FACT FINDERS: Is it okay to get the COVID-19 vaccine if I am pregnant, breastfeeding or trying to conceive?
TUCSON, Ariz. (KOLD News 13) - If you are pregnant, breastfeeding or trying to conceive, is it safe to get the COVID-19 vaccine?
“We are more concerned, we lose more sleep about our pregnant patients having COVID than we are about them being vaccinated,” said Dr. Dionne Mills, an obstetrics and gynecology specialist who is working to educate women about the COVID-19 vaccine.
“Our stance is that COVID-19 is devastating for pregnancy, devastating for pregnant women,” Mills said.
According to the Centers for Disease Control and Prevention, pregnant people are at an increased risk for severe illness from COVID-19 when compared to non-pregnant people.
The CDC said any of the currently authorized COVID-19 vaccines, which are Moderna, Pfizer and Johnson & Johnson, can be offered to people who are pregnant or breastfeeding.
“A lot of my pregnant colleagues have gotten vaccinated and are happy to do so.” Mills said.
Based on how the vaccines work in the body, experts believe they are unlikely to pose a specific risk for people who are pregnant. However, there is currently limited data on the safety of COVID-19 vaccines in pregnant people.
“We have a problem with including women in studies for pretty much anything, much less pregnant women in studies,” Mills said.
Still, Mills says she is confident in the data that does exist.
“Right now, we have a lot of information post the release of the vaccine about thousands of pregnant people who have been vaccinated as well as lactating people, and we have seen a good safety profile,” Mills said.
Mills wants her message to be clear.
“I would encourage anyone who is hearing this who is trying to conceive, who is already pregnant or who is breastfeeding... please get first in line, run down, get the vaccine right away. You will help your obstetrician sleep better at night,” Mills said.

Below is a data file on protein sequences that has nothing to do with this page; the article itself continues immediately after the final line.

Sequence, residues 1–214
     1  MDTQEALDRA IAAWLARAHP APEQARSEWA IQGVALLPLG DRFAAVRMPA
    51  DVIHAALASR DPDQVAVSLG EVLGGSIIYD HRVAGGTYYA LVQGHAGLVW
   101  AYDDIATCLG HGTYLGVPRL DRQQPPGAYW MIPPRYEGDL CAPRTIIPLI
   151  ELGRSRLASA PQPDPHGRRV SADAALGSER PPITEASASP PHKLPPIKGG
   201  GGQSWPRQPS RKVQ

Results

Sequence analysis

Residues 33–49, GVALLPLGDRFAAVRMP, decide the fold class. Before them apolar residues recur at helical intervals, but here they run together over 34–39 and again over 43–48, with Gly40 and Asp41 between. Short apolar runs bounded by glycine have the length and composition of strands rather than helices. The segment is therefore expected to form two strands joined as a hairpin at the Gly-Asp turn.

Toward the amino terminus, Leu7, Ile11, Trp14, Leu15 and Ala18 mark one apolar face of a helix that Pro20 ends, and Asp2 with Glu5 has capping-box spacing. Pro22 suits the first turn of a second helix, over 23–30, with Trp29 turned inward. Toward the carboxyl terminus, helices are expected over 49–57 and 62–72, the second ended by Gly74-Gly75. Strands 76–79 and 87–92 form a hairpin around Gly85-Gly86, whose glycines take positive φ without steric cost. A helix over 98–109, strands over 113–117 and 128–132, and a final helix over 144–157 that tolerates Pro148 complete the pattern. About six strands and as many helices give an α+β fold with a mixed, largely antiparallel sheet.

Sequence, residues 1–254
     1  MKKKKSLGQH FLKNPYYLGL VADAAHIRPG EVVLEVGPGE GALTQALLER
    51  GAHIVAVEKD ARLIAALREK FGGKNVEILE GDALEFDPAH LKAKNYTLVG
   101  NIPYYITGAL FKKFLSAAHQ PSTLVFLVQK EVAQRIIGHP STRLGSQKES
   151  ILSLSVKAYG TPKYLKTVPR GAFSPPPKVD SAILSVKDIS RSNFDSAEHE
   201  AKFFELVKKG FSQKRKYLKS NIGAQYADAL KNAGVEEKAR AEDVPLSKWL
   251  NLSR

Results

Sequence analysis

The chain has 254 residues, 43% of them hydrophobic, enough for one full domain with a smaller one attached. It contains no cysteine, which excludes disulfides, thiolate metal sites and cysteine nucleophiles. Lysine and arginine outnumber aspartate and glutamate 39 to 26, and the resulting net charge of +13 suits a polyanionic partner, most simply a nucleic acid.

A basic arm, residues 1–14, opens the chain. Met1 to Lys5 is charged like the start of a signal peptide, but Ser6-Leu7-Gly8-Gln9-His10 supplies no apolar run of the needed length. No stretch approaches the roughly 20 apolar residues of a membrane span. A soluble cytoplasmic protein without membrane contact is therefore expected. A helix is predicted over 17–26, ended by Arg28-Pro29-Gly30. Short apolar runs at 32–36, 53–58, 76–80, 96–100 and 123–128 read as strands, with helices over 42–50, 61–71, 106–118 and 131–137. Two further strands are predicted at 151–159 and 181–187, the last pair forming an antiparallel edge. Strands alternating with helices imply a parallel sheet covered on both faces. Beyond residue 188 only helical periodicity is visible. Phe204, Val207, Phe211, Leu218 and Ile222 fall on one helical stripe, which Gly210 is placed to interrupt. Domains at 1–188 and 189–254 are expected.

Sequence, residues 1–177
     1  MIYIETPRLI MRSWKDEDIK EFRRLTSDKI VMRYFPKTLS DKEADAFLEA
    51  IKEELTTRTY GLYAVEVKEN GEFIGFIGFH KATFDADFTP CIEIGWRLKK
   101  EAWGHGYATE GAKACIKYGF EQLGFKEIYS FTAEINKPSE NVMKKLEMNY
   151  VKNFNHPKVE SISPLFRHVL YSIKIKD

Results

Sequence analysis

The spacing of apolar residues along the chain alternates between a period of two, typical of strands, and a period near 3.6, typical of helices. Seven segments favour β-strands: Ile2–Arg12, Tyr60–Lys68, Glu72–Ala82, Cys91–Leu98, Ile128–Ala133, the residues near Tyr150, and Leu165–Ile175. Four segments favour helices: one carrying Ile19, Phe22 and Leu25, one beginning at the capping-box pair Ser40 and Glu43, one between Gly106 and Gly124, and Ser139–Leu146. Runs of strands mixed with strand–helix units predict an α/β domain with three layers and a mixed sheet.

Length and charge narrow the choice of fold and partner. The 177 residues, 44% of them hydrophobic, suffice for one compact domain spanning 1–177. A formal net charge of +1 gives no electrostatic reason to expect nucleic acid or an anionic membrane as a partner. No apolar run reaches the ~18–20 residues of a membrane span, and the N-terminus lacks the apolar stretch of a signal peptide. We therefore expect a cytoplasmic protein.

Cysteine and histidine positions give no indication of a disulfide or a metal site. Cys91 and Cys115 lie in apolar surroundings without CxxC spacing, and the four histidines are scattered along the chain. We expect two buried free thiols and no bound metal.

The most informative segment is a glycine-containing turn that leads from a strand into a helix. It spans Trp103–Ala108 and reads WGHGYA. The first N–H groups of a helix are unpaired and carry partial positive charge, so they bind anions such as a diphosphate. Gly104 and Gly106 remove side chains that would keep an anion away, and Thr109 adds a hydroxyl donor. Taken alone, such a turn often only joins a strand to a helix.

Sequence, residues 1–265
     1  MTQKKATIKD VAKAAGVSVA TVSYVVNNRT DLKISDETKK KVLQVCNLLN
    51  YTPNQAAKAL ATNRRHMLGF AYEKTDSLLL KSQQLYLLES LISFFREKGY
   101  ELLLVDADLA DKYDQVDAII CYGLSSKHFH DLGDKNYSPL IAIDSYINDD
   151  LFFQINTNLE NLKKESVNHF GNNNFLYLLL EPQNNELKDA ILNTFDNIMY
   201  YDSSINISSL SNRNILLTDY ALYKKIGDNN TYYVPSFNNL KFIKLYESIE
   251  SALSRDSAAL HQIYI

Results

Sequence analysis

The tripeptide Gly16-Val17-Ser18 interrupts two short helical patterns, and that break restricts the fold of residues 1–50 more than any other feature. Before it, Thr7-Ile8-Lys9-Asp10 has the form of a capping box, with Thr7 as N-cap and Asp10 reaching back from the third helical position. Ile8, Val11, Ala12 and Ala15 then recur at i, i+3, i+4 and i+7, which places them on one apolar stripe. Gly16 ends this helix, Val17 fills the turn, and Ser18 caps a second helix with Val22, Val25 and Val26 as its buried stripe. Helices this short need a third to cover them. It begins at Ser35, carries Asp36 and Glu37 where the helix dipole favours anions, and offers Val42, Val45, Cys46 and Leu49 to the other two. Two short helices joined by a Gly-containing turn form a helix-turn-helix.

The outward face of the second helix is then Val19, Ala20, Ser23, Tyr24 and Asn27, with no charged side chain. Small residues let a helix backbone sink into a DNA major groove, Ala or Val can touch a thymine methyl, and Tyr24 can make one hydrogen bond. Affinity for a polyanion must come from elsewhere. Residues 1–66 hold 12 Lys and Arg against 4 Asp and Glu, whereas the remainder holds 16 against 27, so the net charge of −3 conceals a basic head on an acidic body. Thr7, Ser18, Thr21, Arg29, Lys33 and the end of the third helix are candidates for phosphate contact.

If you are pregnant and receive a COVID-19 vaccine, the CDC asks you consider participating in the v-safe pregnancy registry.
It is the CDC’s smartphone-based tool that asks users to give information on their health after receiving the vaccine.
Click here to learn more about V-safe and register.
Mills’ advice comes as doctors in Florida reported a pregnant health worker who received the COVID-19 vaccine has passed antibodies to her newborn.
It is the first known case and potentially important development in the fight against the novel coronavirus.
A frontline healthcare worker received the first dose of the Moderna vaccine at 36 weeks pregnant.
Her daughter was born three weeks later.
Doctors took a sample of the newborn’s blood and the results showed she had COVID-19 antibodies. Still, the Florida pediatricians said there are some factors that indicate newborns born to vaccinated mothers will remain at risk for infection.
“Further studies have to determine how long this protection will last,” said pediatrician Chad Rudnick. “They have to determine at what level of protection or how many antibodies does a baby need to have circulating in order to give them protection.”
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